chapter  1
19 Pages

First, know yourself

Starting a new job, even one in a department or organization you have been working for some time, teaches you that you have a lot to learn about both the job and the organization or department. The new position and the perspective it provides usually changes the familiar. You soon see that the role is defined as much by the context as it is by the functions you are required to perform. Changing into someone who is ‘customer facing’ can be like taking

on a new job. Helping a department to do this may change it into a new department. Imagine what it can do to a whole company! This chapter covers some of the fundamentals. To meet customer

needs you will certainly have to develop a much greater understanding of your customers. You will also have to gain a greater insight into how you and your organization do and see things. The simple message here is:

So as you learn about your customers you must also strive to learn

There are a number of ways of looking at customers but here is a simple outline we can use to describe what a customer is. A customer is an individual or group of individuals to whom you

supply one or more products or services. You may receive goods or services in return or be paid or compensated for this provision through a third party who may also be your customer. These exchanges happen in a number of ways and can form a series of links in a chain which joins with other chains and drives not only organizations but industries and economies. In purely economic terms each transaction must contain sufficient

benefits to each party for the exchange to take place and be sustainable. It needs to be at a price which is acceptable to the customer and which provides you, the supplier, with sufficient rewards (or profits) to induce you to continue with the enterprise. In the non-profit, or voluntary sectors, and in other sectors such as public services and internal markets, profit may not be definable in monetary terms. However, there must still be a satisfactory balance of benefits for both parties. This will be explored further in following chapters, but you should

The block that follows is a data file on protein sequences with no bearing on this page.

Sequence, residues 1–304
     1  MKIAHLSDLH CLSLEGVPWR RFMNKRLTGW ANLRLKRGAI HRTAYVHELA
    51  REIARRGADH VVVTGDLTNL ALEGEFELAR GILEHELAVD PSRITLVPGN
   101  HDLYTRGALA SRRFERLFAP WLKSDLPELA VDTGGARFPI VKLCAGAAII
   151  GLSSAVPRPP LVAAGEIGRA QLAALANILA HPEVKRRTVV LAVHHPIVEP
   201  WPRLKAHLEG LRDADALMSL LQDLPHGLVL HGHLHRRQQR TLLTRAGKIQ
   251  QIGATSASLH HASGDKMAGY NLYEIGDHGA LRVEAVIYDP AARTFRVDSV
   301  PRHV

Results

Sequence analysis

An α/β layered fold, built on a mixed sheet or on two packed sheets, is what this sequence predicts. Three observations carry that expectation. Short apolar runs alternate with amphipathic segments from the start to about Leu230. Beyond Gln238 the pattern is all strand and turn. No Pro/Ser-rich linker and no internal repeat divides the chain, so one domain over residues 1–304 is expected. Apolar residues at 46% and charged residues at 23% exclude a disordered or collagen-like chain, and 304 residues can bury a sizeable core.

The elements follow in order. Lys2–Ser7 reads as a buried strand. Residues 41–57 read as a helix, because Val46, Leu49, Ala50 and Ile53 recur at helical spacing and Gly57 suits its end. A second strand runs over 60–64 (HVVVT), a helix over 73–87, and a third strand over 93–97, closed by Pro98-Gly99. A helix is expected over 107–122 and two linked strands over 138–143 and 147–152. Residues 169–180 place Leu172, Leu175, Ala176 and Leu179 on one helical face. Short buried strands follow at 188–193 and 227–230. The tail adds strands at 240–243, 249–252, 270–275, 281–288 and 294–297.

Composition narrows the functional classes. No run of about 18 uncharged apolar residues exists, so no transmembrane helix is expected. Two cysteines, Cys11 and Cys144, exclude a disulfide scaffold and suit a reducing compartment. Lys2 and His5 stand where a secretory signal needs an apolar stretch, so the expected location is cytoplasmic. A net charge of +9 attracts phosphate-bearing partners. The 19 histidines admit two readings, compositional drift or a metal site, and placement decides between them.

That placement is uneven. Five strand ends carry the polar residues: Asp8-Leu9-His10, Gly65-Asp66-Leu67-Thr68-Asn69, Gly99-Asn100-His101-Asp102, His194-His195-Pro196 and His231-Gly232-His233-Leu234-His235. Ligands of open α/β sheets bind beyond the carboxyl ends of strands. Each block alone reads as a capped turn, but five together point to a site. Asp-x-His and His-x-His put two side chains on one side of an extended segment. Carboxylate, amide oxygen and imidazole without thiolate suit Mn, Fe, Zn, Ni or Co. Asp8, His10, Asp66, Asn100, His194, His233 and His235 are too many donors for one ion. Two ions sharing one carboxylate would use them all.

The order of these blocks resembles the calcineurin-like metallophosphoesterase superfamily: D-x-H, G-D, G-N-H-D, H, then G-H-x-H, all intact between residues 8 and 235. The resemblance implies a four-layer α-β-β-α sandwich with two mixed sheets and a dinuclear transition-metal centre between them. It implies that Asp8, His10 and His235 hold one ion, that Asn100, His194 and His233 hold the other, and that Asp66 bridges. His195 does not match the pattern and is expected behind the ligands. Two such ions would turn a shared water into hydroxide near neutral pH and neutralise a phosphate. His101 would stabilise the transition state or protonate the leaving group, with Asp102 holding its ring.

also consider the following here: You are a customer inside your organization – As the definition sug-

gests, you are a customer within your own organization. You receive goods and services from other departments and individuals and these transactions form part of the internal customer chain. You need to consider how good your experience as a customer is. Is the exchange a fair one and, if it is not, who is paying the higher price and why? What does your experience as an internal customer tell you about how you serve your own internal customers and what can you learn that will help you when you think of external customers?